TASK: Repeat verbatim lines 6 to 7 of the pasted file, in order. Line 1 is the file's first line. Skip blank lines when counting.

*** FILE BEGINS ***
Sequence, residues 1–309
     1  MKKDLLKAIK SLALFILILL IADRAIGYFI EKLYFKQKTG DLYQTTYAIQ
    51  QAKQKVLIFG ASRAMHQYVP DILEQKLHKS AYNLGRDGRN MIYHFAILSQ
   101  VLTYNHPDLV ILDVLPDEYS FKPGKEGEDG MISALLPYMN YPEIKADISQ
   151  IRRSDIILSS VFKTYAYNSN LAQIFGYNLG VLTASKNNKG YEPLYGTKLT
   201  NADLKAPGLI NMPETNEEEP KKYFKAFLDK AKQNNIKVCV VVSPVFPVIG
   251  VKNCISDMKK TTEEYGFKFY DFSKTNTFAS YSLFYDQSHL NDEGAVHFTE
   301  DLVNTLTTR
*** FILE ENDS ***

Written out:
   201  NADLKAPGLI NMPETNEEEP KKYFKAFLDK AKQNNIKVCV VVSPVFPVIG
   251  VKNCISDMKK TTEEYGFKFY DFSKTNTFAS YSLFYDQSHL NDEGAVHFTE